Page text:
However, despite these prohibitions, government endorsements of them have been recorded in India, Myanmar, and Thailand during the monitoring period of the Index. In India, significant amounts of CSR contributions by tobacco companies continue to occur, particularly in the areas of agriculture and livelihood. During the COVID-19 pandemic, tobacco companies increased their CSR contributions.
In Myanmar, JTI continues its initiative to provide drinking water for refugees. In Thailand, the Tobacco Authority of Thailand organised the “See, Taste, Shop Chiang Rai Tobacco” project for Chiang Rai residents, facilitating agricultural product trading. In Indonesia, CSR activities are encouraged under national laws. While there is a restriction of tobacco industry sponsorships, it is weakly enforced.
Tobacco industry CSR is not banned and remains a big problem in Cambodia, Malaysia, Philippines, and Vietnam. In Cambodia, the industry engaged in various COVID-19 relief efforts, including providing alcohol dispensers and banners to the Ministry of Justice, distributing food packages in lockdown areas, and donating disinfection supplies to provincial administration.
With the exception of Brunei, which has prohibited duty-free tobacco products, all countries surveyed still permit duty-free allowances for international travellers. This practice undermines the effectiveness of tobacco taxation, and promotes and normalises tobacco use.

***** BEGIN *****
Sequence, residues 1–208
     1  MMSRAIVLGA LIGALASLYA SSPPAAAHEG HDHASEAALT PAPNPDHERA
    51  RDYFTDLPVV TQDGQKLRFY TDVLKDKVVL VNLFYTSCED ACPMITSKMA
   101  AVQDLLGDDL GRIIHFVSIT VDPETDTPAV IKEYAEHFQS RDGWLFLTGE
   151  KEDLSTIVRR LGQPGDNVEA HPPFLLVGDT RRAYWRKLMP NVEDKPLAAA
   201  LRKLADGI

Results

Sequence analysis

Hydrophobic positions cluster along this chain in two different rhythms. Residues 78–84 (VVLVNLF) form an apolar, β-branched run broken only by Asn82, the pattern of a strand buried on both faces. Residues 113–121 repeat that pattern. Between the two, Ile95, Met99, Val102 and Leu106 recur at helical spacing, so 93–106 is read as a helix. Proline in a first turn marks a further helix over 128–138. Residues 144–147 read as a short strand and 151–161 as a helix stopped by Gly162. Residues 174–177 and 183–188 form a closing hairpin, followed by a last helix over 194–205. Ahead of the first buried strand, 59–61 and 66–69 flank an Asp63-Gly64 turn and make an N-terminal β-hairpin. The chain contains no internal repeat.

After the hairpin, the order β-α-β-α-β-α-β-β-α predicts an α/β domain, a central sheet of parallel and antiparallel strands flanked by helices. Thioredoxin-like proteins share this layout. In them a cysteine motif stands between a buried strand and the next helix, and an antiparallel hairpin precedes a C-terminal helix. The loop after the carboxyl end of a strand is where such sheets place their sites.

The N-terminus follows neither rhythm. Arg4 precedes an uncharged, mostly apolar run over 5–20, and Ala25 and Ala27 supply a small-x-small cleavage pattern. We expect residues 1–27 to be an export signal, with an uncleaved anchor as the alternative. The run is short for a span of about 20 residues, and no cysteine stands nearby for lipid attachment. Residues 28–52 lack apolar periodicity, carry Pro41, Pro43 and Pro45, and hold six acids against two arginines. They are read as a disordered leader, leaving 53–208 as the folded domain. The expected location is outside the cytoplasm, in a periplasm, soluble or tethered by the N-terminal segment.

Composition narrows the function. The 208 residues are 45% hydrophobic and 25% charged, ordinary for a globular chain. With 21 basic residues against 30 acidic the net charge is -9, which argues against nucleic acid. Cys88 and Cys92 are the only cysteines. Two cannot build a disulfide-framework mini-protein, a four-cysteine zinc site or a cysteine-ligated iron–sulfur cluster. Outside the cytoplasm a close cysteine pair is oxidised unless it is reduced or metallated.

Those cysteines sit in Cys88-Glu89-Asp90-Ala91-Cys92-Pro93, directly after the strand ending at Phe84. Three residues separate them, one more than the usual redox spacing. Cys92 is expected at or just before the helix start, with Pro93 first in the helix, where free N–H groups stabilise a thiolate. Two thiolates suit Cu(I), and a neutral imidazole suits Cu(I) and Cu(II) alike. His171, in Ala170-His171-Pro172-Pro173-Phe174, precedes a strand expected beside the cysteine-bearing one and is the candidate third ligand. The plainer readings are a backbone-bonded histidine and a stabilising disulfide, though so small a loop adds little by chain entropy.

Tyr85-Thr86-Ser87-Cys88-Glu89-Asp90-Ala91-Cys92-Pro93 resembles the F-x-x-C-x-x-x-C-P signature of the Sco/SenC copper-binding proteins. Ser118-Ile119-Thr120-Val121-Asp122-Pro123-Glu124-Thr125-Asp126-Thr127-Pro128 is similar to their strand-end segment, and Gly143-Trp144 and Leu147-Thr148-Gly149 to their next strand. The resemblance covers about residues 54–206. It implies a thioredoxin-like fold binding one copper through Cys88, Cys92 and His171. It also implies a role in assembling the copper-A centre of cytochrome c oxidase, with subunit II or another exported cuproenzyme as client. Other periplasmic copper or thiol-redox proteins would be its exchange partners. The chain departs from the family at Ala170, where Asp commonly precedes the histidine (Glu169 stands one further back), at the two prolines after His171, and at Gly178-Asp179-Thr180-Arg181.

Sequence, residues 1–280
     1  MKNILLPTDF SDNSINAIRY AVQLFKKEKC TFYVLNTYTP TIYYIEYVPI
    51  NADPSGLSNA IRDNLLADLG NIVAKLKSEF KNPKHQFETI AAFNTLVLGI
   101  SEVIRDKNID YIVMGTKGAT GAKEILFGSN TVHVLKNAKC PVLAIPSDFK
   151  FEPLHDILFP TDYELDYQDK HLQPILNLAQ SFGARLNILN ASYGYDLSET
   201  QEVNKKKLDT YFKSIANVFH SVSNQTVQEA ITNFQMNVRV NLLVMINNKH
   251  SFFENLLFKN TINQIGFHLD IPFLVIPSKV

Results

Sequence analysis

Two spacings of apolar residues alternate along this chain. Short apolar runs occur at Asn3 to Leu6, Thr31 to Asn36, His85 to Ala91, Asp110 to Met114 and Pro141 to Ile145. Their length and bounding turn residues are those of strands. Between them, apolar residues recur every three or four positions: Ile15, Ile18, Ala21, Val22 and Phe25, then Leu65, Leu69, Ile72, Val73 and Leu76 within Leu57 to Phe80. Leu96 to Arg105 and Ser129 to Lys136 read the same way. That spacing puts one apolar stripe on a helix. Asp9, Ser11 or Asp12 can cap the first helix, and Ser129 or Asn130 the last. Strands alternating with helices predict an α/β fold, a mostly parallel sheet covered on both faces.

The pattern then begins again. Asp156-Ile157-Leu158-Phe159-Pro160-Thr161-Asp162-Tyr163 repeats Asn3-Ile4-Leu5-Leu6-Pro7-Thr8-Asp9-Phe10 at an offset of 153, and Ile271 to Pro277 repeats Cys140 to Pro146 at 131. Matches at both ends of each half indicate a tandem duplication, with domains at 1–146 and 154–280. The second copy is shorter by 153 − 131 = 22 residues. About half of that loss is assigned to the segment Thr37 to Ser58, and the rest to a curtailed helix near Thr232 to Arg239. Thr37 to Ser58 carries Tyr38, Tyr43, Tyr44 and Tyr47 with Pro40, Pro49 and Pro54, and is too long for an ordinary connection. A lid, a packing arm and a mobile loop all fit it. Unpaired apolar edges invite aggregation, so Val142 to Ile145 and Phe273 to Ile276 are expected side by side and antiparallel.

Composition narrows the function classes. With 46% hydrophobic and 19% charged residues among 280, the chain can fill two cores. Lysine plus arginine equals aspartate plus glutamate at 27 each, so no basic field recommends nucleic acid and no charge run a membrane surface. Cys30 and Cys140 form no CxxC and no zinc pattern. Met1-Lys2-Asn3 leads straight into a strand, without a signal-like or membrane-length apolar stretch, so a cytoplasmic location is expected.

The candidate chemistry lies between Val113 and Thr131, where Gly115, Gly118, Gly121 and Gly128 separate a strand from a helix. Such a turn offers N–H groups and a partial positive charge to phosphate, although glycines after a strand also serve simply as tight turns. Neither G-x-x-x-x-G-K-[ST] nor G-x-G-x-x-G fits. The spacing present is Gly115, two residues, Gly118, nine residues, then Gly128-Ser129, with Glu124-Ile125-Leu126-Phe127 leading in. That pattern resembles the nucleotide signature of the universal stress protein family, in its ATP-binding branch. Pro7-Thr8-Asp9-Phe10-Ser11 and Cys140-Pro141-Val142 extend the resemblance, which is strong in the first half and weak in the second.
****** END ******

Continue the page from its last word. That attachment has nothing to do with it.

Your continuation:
Some countries are taking preventive measures. Ten countries, namely Brunei, India, Indonesia, Lao PDR, Maldives, Mongolia, Myanmar, Nepal, the Philippines, and Thailand, have proactively introduced policy measures aimed at safeguarding the bureaucracy or a specific ministry or department from undue interference by the tobacco industry.
Policies for disclosing records of interactions with the tobacco industry and its representatives are in place in countries such as Brunei, India, Maldives, the Philippines, Sri Lanka, and Thailand. Nepal is also in the process of drafting such a policy. However, the effectiveness of these policies is hindered by the fact that governments do not disclose or make information from these interactions available to the general public.